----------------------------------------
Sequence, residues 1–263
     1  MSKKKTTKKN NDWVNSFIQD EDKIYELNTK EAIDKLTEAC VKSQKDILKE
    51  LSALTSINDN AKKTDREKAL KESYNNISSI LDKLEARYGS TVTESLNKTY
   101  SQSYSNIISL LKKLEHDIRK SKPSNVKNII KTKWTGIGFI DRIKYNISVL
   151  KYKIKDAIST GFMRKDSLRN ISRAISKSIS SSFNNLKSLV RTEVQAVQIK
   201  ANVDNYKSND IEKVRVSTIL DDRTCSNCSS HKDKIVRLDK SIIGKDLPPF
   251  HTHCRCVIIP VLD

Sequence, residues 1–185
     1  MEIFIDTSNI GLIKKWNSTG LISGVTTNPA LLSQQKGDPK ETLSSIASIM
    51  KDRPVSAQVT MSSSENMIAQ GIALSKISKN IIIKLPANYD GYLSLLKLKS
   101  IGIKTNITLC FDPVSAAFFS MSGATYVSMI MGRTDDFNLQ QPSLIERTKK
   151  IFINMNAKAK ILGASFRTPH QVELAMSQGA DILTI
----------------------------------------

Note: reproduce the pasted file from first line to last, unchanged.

Sequence, residues 1–263
     1  MSKKKTTKKN NDWVNSFIQD EDKIYELNTK EAIDKLTEAC VKSQKDILKE
    51  LSALTSINDN AKKTDREKAL KESYNNISSI LDKLEARYGS TVTESLNKTY
   101  SQSYSNIISL LKKLEHDIRK SKPSNVKNII KTKWTGIGFI DRIKYNISVL
   151  KYKIKDAIST GFMRKDSLRN ISRAISKSIS SSFNNLKSLV RTEVQAVQIK
   201  ANVDNYKSND IEKVRVSTIL DDRTCSNCSS HKDKIVRLDK SIIGKDLPPF
   251  HTHCRCVIIP VLD

Sequence, residues 1–185
     1  MEIFIDTSNI GLIKKWNSTG LISGVTTNPA LLSQQKGDPK ETLSSIASIM
    51  KDRPVSAQVT MSSSENMIAQ GIALSKISKN IIIKLPANYD GYLSLLKLKS
   101  IGIKTNITLC FDPVSAAFFS MSGATYVSMI MGRTDDFNLQ QPSLIERTKK
   151  IFINMNAKAK ILGASFRTPH QVELAMSQGA DILTI